I will arise and go now, and go to Innisfree,
And a small cabin build there, of clay and wattles made:
Nine bean-rows will I have there, a hive for the honey-bee;
And live alone in the bee-loud glade.
And I shall have some peace there, for peace comes dropping slow,
Dropping from the veils of the morning to where the cricket sings;
There midnight’s all a glimmer, and noon a purple glow,
And evening full of the linnet’s wings.
I will arise and go now, for always night and day
I hear lake water lapping with low sounds by the shore;
While I stand on the roadway, or on the pavements grey,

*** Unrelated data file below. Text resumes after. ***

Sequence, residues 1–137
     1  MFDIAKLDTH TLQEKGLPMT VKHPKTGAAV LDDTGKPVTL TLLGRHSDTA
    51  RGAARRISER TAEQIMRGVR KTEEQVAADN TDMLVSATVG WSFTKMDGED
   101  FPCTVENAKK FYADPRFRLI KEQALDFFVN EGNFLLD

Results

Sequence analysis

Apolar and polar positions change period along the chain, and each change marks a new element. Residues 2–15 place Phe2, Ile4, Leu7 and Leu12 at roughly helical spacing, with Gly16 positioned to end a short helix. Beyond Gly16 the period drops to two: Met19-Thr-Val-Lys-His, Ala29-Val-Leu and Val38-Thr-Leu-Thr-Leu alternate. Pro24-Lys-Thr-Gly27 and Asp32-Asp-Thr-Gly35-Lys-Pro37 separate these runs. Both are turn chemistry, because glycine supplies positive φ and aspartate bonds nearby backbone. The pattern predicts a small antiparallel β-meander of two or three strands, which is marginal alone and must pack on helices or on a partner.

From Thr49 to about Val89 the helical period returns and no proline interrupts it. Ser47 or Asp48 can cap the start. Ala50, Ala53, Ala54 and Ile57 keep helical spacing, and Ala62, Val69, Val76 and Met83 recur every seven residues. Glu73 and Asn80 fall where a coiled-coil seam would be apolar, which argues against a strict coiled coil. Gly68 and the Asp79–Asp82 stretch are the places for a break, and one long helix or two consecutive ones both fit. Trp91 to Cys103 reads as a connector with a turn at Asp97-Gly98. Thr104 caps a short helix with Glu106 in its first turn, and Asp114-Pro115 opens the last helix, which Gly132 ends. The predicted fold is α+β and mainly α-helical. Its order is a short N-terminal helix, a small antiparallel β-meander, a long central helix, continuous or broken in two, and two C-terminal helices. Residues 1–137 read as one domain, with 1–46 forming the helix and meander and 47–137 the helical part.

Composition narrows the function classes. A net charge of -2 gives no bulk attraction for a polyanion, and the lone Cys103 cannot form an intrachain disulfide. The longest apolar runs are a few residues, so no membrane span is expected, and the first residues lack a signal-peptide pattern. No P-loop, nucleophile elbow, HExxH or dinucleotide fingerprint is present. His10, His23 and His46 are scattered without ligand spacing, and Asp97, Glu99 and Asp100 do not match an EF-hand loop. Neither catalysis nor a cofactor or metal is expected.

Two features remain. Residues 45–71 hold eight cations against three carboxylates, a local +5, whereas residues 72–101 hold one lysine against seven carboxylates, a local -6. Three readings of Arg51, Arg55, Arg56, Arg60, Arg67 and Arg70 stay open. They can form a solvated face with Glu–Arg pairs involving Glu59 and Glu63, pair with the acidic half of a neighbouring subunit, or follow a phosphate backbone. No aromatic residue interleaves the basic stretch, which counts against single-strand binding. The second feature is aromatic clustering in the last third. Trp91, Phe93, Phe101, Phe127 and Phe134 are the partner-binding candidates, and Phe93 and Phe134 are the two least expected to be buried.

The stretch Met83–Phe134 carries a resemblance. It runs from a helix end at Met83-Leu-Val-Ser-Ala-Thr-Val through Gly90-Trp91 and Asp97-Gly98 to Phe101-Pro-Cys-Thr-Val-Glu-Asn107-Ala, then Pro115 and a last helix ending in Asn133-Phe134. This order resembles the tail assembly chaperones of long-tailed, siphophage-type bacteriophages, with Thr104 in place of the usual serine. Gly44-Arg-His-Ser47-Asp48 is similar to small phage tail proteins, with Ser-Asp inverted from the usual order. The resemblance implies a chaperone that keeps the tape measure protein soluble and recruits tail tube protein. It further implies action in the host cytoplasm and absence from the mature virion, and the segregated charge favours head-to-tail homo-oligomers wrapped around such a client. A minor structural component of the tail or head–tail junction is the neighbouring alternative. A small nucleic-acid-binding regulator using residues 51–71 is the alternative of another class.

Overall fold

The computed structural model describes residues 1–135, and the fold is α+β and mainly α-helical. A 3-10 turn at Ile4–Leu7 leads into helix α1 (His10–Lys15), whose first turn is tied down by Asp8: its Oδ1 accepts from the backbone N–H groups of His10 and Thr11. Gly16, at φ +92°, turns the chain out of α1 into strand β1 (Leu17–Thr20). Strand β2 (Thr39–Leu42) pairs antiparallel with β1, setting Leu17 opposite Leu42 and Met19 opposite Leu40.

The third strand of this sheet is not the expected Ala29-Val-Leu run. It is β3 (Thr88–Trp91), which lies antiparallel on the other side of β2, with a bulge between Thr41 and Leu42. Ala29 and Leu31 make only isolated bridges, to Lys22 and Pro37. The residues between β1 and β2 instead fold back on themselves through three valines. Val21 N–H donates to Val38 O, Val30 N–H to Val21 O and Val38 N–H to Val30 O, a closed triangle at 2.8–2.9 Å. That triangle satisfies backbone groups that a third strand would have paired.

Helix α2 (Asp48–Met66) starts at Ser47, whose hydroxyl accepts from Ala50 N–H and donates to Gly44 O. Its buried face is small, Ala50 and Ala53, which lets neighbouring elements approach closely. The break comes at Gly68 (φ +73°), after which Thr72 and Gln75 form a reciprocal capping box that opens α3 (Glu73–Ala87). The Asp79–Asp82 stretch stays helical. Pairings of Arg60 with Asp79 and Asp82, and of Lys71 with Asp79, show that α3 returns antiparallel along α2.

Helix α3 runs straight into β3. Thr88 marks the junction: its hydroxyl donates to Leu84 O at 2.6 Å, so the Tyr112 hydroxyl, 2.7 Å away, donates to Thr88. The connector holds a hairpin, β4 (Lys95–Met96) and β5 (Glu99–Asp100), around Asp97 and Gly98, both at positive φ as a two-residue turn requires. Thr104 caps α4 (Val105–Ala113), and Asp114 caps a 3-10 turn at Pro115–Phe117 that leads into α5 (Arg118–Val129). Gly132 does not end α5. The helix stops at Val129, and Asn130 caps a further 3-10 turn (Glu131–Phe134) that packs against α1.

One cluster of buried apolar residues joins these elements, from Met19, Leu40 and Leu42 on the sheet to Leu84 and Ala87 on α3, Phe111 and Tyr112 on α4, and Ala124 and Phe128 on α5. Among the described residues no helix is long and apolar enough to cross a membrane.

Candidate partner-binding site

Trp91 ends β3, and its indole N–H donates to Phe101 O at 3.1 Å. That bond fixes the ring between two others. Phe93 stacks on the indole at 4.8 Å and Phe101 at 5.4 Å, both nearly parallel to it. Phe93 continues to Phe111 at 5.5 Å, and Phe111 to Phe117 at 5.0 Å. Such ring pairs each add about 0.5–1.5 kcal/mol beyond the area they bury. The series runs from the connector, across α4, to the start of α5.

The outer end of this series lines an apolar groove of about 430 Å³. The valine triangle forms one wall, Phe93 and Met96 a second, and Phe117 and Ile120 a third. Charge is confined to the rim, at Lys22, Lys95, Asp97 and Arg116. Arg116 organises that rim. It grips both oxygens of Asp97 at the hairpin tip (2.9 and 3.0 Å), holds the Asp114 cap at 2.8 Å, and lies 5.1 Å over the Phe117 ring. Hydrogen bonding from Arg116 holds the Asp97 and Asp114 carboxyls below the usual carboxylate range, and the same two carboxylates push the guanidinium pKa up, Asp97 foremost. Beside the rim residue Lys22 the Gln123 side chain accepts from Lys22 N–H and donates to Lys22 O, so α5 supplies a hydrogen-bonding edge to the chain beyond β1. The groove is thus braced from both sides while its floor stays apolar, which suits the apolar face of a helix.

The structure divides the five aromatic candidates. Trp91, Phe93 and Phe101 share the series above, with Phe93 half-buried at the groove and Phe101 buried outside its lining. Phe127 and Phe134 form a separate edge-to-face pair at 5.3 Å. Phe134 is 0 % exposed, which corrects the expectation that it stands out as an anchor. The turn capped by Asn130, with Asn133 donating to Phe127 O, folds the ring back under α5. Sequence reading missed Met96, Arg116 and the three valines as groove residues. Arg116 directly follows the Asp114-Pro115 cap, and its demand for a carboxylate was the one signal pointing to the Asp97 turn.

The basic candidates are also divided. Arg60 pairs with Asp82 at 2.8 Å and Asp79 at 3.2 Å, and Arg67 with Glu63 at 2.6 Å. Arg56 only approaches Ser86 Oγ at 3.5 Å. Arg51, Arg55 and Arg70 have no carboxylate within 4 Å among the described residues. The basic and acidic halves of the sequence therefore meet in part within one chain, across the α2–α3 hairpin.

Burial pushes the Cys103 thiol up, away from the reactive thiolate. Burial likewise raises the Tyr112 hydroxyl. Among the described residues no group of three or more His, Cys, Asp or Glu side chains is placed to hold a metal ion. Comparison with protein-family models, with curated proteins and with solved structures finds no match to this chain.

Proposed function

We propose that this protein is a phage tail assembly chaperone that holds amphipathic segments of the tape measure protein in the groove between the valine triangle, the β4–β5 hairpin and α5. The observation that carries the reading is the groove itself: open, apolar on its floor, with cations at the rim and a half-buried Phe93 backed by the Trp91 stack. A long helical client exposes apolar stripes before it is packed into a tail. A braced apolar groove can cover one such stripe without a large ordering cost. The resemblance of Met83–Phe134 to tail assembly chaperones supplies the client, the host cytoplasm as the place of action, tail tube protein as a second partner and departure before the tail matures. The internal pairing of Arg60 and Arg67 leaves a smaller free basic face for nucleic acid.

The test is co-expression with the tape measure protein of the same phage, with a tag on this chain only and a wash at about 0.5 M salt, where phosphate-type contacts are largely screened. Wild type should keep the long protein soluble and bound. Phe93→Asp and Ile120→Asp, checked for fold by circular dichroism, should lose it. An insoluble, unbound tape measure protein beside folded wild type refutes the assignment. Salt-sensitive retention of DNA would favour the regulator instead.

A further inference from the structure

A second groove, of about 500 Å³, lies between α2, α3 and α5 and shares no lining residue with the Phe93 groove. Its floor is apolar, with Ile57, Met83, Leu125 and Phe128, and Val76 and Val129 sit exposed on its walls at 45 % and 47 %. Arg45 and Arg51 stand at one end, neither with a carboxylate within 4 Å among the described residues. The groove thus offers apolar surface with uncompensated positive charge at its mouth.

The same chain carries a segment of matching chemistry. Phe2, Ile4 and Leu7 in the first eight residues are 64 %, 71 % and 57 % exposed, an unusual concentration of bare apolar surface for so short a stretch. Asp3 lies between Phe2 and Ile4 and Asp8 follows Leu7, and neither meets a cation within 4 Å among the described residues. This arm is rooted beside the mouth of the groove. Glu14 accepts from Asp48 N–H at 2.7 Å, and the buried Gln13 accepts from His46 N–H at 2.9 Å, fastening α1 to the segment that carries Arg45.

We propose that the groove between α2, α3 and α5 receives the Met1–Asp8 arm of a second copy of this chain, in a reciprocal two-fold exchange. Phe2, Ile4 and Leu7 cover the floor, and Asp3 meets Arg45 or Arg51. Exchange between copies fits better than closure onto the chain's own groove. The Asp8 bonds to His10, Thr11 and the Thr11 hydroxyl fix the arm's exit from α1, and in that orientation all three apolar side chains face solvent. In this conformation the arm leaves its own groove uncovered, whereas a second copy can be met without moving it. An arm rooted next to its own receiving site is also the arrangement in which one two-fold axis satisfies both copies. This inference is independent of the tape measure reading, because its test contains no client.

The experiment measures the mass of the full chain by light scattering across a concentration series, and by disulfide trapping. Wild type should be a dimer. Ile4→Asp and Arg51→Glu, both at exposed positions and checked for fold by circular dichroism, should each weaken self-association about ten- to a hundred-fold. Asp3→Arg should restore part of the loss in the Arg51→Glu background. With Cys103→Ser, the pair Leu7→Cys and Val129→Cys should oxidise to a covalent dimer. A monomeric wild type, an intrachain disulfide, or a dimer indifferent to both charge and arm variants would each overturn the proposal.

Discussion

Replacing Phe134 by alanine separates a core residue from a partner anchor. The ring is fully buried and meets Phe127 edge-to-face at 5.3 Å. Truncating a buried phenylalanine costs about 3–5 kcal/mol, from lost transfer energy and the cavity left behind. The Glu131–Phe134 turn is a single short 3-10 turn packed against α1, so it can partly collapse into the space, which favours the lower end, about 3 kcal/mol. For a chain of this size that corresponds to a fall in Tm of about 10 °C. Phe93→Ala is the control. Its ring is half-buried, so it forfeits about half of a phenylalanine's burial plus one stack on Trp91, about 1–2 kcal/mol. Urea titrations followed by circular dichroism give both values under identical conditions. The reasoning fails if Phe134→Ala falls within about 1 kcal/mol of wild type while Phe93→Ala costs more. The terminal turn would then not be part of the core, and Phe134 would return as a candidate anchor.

I hear it in the deep heart’s core.
William Butler Yeats
Today is the last day of school before spring break, and for the past couple of days people have been sharing their travel plans for next week. I’m looking forward to a relaxing week at home, but listening to everyone’s talk of flights and cruises got me thinking about vacations spent at my in-laws’ cabin on Beddington Lake in Maine. This poem has alway reminded me of those summers. Sadly, they no longer own the cabin, but I often think of all the fun we had swimming and canoeing there. I often hear its “water lapping [in my] deep heart’s core.”